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Lee In The Capitol
by [?]


(April, 1866.)

Hard pressed by numbers in his strait,
Rebellion’s soldier-chief no more contends–
Feels that the hour is come of Fate,
Lays down one sword, and widened warfare ends.
The captain who fierce armies led
Becomes a quiet seminary’s head–
Poor as his privates, earns his bread.
In studious cares and aims engrossed,
Strives to forget Stuart and Stonewall dead–
Comrades and cause, station and riches lost,
And all the ills that flock when fortune’s fled.
No word he breathes of vain lament,
Mute to reproach, nor hears applause–
His doom accepts, perforce content,
And acquiesces in asserted laws;
Secluded now would pass his life,
And leave to time the sequel of the strife.
But missives from the Senators ran;
Not that they now would gaze upon a swordless foe,
And power made powerless and brought low:
Reasons of state, ’tis claimed, require the man.
Demurring not, promptly he comes
By ways which show the blackened homes,
And–last–the seat no more his own,
But Honor’s; patriot grave-yards fill
The forfeit slopes of that patrician hill,
And fling a shroud on Arlington.
The oaks ancestral all are low;
No more from the porch his glance shall go
Ranging the varied landscape o’er,
Far as the looming Dome–no more.
One look he gives, then turns aside,
Solace he summons from his pride:
“So be it! They await me now
Who wrought this stinging overthrow;
They wait me; not as on the day
Of Pope’s impelled retreat in disarray–
By me impelled–when toward yon Dome
The clouds of war came rolling home”
The burst, the bitterness was spent,
The heart-burst bitterly turbulent,
And on he fared.

In nearness now
He marks the Capitol–a show
Lifted in amplitude, and set
With standards flushed with a glow of Richmond yet;
Trees and green terraces sleep below.
Through the clear air, in sunny light,
The marble dazes–a temple white.

Intrepid soldier! had his blade been drawn
For yon stirred flag, never as now
Bid to the Senate-house had he gone,
But freely, and in pageant borne,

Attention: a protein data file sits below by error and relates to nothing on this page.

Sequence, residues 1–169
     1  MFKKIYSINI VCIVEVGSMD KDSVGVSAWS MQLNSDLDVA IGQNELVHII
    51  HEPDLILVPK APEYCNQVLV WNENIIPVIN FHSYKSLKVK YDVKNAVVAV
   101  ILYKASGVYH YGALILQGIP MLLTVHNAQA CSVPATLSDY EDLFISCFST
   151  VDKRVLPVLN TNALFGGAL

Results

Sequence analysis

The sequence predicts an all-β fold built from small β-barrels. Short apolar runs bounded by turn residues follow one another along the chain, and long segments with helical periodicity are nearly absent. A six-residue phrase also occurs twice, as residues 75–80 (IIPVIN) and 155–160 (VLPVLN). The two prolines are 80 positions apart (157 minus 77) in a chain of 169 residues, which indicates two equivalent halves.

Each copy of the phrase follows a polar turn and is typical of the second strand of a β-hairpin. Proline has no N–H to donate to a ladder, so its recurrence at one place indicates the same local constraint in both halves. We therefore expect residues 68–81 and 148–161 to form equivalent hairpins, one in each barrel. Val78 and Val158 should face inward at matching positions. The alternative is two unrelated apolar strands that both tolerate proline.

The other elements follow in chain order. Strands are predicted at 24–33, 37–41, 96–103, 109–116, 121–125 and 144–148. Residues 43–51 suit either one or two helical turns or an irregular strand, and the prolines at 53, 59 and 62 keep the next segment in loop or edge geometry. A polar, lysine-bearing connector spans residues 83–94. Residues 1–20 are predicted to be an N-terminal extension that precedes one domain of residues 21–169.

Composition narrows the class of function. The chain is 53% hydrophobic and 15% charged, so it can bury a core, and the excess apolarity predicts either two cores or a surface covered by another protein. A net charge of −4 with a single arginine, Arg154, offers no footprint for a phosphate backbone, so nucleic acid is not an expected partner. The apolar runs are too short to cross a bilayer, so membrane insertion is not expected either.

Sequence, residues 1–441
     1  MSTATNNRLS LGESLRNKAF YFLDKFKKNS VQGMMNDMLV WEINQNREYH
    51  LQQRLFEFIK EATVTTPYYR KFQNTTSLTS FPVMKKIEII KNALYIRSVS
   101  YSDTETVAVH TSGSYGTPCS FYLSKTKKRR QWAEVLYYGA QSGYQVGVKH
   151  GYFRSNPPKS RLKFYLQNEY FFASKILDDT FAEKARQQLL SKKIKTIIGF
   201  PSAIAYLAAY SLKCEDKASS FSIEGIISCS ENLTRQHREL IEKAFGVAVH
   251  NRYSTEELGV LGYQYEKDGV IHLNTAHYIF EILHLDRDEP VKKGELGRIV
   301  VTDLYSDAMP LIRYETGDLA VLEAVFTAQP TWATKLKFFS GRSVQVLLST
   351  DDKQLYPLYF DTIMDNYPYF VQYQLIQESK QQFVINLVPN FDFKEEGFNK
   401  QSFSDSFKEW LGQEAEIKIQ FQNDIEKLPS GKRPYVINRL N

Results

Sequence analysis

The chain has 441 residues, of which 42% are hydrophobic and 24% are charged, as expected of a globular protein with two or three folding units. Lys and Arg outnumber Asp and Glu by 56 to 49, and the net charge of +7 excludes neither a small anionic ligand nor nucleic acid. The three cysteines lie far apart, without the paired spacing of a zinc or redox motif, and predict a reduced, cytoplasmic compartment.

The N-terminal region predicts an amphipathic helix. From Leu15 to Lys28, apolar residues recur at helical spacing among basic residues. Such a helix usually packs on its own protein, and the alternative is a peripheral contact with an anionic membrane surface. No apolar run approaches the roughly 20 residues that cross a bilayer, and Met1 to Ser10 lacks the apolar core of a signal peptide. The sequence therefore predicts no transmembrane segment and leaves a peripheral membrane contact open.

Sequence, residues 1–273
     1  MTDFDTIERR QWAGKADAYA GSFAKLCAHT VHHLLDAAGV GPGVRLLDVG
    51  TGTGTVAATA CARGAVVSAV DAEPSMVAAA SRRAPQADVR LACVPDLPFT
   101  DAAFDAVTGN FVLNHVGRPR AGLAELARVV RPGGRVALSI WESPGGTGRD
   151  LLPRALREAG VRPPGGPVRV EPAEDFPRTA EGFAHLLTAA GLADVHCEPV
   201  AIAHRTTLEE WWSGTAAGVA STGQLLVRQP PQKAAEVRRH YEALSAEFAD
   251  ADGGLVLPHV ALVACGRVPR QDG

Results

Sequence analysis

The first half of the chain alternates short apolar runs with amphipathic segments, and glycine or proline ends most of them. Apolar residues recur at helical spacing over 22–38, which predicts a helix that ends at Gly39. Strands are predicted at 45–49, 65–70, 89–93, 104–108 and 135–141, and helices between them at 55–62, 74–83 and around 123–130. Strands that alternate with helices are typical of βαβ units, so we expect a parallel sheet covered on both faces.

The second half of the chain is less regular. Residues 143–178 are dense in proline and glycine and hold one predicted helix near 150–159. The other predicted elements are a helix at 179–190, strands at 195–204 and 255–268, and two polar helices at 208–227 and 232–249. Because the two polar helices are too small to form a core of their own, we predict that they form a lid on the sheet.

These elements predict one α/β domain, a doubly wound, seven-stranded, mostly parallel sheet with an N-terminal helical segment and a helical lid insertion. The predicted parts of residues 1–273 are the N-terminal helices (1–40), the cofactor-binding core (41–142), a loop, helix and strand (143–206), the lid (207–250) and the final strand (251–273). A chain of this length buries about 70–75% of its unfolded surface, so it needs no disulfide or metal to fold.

As when brave numbers without number, massed,
Plumed the broad way, and pouring passed–
Bannered, beflowered–between the shores
Of faces, and the dinn’d huzzas,
And balconies kindling at the sabre-flash,
‘Mid roar of drums and guns, and cymbal-crash,
While Grant and Sherman shone in blue–
Close of the war and victory’s long review.

Yet pride at hand still aidful swelled,
And up the hard ascent he held.
The meeting follows. In his mien
The victor and the vanquished both are seen–
All that he is, and what he late had been.
Awhile, with curious eyes they scan
The Chief who led invasion’s van–
Allied by family to one,
Founder of the Arch the Invader warred upon:
Who looks at Lee must think of Washington;
In pain must think, and hide the thought,
So deep with grievous meaning it is fraught.

Secession in her soldier shows
Silent and patient; and they feel
(Developed even in just success)
Dim inklings of a hazy future steal;
Their thoughts their questions well express:
“Does the sad South still cherish hate?
Freely will Southen men with Northern mate?
The blacks–should we our arm withdraw,
Would that betray them? some distrust your law.
And how if foreign fleets should come–
Would the South then drive her wedges home”
And more hereof. The Virginian sees–
Replies to such anxieties.
Discreet his answers run–appear
Briefly straightforward, coldly clear.